In the young wood, Westhope, where the sparrowhawks wheel. Photo by me.
This, chosen as one of the Guardian readers top 2010 photos.

I just want to note this moment in terms of my own mental health. As an ecophilosopher, I do not separate myself from my thoughts. It would be like ripping me apart, limb from limb. I write about life-love as a devotion, and I am similarly devoted to my cause. These are exceptional and difficult times, and it is important to recognise despair and kindle hope. If someone attacks my core devotion, and any attempt to recognise despair and kindle hope, they are attacking me.

I can take legitimate critiques of the results of my philosophical work, particularly critiques of my literary inadequacies, but not the fact that I work at all. I can take legitimate criticism of neologisms I craft, but not that I craft them at all nor the approach I take. I can take criticism of the contributions I make on social media, but not that I am a woman doing these things. Being overlooked is, I think, one of the biggest struggles of women at work. Neither do I appreciate ideas stolen from beneath me. They are gifts, of course, but I expect some reciprocal credit, especially from revered and financially successful writers.

Being a woman on social media is harder than being a man. That’s not what frustrates me most, drives my anger, self-doubt and depression. It is that my daughter faces all of this, and more. It’s tough enough facing a life with a tsunami of complex problems swallowing our beautiful Earth. That women (including trans women, especially black women), are not treated with equal respect into the future is desperately wrong.

I have written before about my experiences of 2008, so I don’t want to rake it all over. In short, I had as severe an episode of trauma as one can have without ending it all. After finding my mother’s body after her suicide, I nearly followed her into those depths of eternal nothingness. The shock and the guilt. If it were not for the light of my beautiful young daughter, the unbroken affection for and from Ben-dog, and the right help found by my husband at the time, I would not be here at all. I remember the searing feeling of a tear in my frontal cortex *, that moment of choice.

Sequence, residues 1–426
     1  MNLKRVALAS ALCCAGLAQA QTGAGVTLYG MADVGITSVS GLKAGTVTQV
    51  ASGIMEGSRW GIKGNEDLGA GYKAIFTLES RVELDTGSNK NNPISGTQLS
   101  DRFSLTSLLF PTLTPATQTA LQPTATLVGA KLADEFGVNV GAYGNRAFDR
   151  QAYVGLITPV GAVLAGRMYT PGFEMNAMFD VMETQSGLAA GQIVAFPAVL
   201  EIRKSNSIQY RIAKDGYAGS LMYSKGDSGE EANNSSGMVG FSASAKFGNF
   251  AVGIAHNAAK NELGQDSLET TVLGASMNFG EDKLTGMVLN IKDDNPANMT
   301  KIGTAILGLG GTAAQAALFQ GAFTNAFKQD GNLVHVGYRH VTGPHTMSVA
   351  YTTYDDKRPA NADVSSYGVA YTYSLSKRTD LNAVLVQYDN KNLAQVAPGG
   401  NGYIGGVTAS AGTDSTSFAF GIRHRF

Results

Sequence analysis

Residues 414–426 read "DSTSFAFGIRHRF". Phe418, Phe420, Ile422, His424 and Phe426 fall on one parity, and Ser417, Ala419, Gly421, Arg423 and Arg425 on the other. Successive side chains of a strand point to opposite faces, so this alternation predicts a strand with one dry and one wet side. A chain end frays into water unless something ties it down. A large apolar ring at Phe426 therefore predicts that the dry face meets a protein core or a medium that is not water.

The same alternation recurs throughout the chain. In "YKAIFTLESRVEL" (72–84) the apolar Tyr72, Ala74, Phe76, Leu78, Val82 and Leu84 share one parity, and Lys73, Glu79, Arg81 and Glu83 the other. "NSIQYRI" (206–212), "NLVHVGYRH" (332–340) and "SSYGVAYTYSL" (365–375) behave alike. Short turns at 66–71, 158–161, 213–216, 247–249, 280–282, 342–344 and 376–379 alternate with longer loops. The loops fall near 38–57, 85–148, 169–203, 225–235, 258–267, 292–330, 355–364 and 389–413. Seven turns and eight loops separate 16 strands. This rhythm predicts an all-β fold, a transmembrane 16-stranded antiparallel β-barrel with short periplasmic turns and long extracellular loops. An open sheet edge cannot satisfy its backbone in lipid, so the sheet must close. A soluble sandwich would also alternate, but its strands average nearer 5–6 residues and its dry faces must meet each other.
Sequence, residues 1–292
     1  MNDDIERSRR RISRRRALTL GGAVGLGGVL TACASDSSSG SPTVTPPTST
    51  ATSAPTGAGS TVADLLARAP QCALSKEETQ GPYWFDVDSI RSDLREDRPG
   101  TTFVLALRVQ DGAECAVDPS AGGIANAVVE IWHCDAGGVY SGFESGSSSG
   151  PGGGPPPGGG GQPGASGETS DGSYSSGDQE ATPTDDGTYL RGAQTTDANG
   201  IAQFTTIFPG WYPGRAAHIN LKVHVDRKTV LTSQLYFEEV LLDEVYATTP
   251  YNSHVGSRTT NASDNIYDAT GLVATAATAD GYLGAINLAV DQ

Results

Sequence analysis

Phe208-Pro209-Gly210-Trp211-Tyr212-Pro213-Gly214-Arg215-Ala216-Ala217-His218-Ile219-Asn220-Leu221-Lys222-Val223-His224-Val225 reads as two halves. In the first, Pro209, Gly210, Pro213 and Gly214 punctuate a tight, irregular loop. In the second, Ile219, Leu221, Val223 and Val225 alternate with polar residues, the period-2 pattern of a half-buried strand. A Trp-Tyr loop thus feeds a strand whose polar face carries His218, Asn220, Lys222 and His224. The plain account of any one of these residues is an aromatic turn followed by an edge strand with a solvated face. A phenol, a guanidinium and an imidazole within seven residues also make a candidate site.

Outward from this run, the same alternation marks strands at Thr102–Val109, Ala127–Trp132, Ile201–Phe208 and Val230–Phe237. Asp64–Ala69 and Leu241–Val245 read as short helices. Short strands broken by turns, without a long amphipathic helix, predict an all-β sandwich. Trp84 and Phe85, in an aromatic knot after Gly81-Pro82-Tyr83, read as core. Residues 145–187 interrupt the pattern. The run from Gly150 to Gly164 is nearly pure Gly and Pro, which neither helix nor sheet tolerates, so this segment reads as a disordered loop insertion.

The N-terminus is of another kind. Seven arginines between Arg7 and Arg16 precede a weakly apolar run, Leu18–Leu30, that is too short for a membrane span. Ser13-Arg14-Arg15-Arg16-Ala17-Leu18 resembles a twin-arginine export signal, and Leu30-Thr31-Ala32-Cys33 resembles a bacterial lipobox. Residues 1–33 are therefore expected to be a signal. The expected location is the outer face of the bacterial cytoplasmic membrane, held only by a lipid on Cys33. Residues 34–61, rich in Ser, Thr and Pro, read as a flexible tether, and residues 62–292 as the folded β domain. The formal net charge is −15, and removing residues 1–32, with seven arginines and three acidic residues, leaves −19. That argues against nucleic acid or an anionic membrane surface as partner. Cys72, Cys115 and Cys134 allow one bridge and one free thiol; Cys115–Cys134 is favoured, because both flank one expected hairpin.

Moving home from Cardiff, Wales, to Hereford, England, straight after an appendectomy, has meant this last few weeks have been hard. Anxieties about my type 3 cancer returning bubble away. And I work hard to recognise them as such. The good news is that I returned to the woods behind the house where I grew up, where I found Mum, and I felt good about being there. I was not terrified, nor miserable. I still know these woods intimately, after all these years. I noticed where the new owners have taken out single trees for their wood burner. But there, in the young wood (see photo above), in the company of my now 16 year old beautiful daughter, I recorded my thoughts for Melissa Harrison’s brilliant podcast, The Stubborn Light of Things, episode 25 on Healing, and you are welcome to listen to it here.

Despite progress, I am still vulnerable to shocks. I struggle with keeping my anxieties on a leash. The deep sadness of a failed marriage, and a frustrated love. There is no perfect life after trauma, but there is perfection in the imperfection. I am still dependent upon medications that also drive appetite as a side effect. Covid and weight have a co-morbidity. I have put on too much weight, so I am reducing my dose, reducing my weight. I am unsettled, whilst also beginning PhD studies. But these studies are important to me. I am holding them very close, in the spirit of Frankl’s love and meaning, my own welldoing.

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  • Since documented by my Psychiatrist at the time, and discussed at a conference with my consent.

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Audio:

 

 

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